Al Qaeda highlights ‘Qari Imran Camp’ in South Waziristan

Al Qaeda released a video of its fighters training at a makeshift camp in South Waziristan in 2013, long after the Pakistani military claimed the tribal agency was cleared of jihadists.

The video was produced and released by As Sahab, al Qaeda’s official media outlet. The Qari Imran Camp is named after al Qaeda in the Indian Subcontinent’s former commander for Afghanistan who also served as a member of AQIS’ central shura, or central advisory council. The US killed Imran in a drone strike in January 2015.

The Movement of the Taliban in Pakistan, which operates in Pakistan’s tribal areas and is closely allied with al Qaeda, later eulogized Imran. The Pakistani Taliban spokesman who praised Imran described him as being “among the greatest militant teachers,” and noted that he and “thousands” of other jihadists trained under him. [See LWJ reports: US killed AQIS deputy emir, shura member in January drone strikes, and Pakistani Taliban praises slain al Qaeda leaders.]

The AQIS video, which is part of the “Jihadi Memories” series, opens with a group of 13 fighters marching on an established dirt road situated in the mountains into the temporary camp. Two al Qaeda flags are prominently displayed as the unit marches. Most of the fighters are masked, but one of the jihadists, who appears to be a trainer or unit commander, is unmasked and his face is intentionally distorted in the video to hide his identity.

Once at the camp location, the fighters live fire weapons, including AK-47s, machineguns, pistols, and RPGs. The AQIS squad appears to be well equipped and has plenty of ammunition. The fighters launch a number of RPG rounds at the hillside.

The AQIS squad also practices small unit tactics. The unit breaks up into two teams and assaults a target. While one team moves, the other lays down covering fire. The unit then breaks contact using the same technique.

Once finished their training, the AQIS squad marches out of the camp. The AQIS unit appears to train for a significant amount of time in the open. The video is 6 minutes and 55 seconds, however it only shows clips of the day’s training. The jihadists appear to be operating without fear of being targeted by Pakistani security forces.

Al Qaeda remains in South Waziristan

The presence of an al Qaeda camp in South Waziristan as late as 2013 contradicts claims by the Pakistani military that the tribal agency was secured after launching an offensive against the Movement of the Taliban and allied groups, including al Qaeda, in 2009. The Pakistani military failed to clear South Waziristan of jihadists because it selectively targeted groups that oppose the state (the so-called bad Taliban) while ignoring other groups that do not advocate attacking the military and government (the good Taliban).

In South Waziristan, “good Taliban” groups such as the Mullah Nazir Group and the Hafiz Gul Bahadar Group were untouched by the military operation. While these groups do not openly oppose the state, they provide shelter, support, and other aid for jihadist groups such as al Qaeda that do.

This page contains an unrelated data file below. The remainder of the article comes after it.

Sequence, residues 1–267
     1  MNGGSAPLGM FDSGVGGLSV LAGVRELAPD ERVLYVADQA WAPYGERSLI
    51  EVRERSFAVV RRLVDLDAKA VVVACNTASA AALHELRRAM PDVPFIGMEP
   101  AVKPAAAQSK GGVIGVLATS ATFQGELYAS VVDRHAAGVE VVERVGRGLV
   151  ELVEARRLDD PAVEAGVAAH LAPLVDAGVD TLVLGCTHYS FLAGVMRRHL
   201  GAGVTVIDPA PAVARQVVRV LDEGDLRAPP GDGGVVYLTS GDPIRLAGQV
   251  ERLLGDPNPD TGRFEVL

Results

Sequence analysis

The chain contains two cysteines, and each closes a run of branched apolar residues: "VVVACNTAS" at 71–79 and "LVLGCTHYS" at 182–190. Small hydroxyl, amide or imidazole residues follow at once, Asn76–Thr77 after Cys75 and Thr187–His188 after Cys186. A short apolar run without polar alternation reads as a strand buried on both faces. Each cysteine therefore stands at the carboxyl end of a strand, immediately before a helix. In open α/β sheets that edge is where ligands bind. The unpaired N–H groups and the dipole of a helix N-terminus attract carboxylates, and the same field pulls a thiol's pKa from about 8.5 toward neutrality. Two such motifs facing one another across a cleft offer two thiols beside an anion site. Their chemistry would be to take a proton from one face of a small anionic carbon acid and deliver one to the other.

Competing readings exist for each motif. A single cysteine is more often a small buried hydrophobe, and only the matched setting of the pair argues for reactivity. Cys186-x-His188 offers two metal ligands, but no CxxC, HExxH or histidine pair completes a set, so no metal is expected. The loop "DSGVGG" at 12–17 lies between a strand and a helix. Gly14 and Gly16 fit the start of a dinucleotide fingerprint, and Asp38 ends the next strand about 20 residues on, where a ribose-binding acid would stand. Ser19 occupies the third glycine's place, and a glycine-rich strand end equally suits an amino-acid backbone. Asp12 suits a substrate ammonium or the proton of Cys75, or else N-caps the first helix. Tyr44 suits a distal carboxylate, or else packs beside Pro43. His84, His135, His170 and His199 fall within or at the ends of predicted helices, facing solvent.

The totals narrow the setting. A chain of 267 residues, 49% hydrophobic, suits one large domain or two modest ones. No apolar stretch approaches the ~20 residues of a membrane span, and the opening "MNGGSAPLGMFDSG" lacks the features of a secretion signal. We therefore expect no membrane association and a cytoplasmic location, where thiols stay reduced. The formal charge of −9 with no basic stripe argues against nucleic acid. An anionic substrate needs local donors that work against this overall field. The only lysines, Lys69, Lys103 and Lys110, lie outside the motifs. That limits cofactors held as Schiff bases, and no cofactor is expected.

The CIA’s targeting of al Qaeda leaders in Pakistan highlights the fact that al Qaeda was not ejected from South Waziristan during Pakistan’s military offensive. For instance, the CIA killed Ustad Ahmad Farooq, the deputy emir for AQIS, in a drone strike in South Waziristan in January 2015. Al Qaeda typically does not deploy senior leaders to areas in Afghanistan and Pakistan unless it is believed the area is secured from enemy ground forces (airstrikes are a calculated risk).

Additionally, the US killed Mullah Nazir in a January 2013 drone strike in South Waziristan. While Nazir is often described as a Taliban leader, he claimed he also was an al Qaeda leader.

Pakistan refused to move against Nazir and his network of fighters that operate against US and allied forces in Afghanistan and is a known ally of al Qaeda. Shortly after Nazir’s death, the US listed his group as a terrorist organization with direct ties to al Qaeda.

Bahawal Khan, Nazir’s replacement, was directly linked by the US State Department to al Qaeda.

“Khan and [the Mullah Nazir Group] have vowed to continue the group’s activities, including supporting al Qaeda and conducting attacks in Afghanistan,” State reported. “Since 2006, [the Mullah Nazir Group] has run training camps, dispatched suicide bombers, provided safe haven for al Qaeda fighters, and conducted cross-border operations in Afghanistan against the United States and its allies.”

Al Qaeda remains in South Waziristan to this day because organizations such as the Mullah Nazir Group continue to operate without consequence.

Images from al Qaeda’s Qari Imran Camp

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Bill Roggio is a Senior Fellow at the Foundation for Defense of Democracies and the Editor of FDD's Long War Journal.

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  • dave says:

    “central shura, or central council.”

    shura means ‘consultation’, not council
    majlis is council, with majlis ash-shura meaning ‘consultative council’

    come on guys

  • Eencomeeng says:

    Well, so be it. But we’ll continue to target “significant shura members”.
    Come on, Dave.


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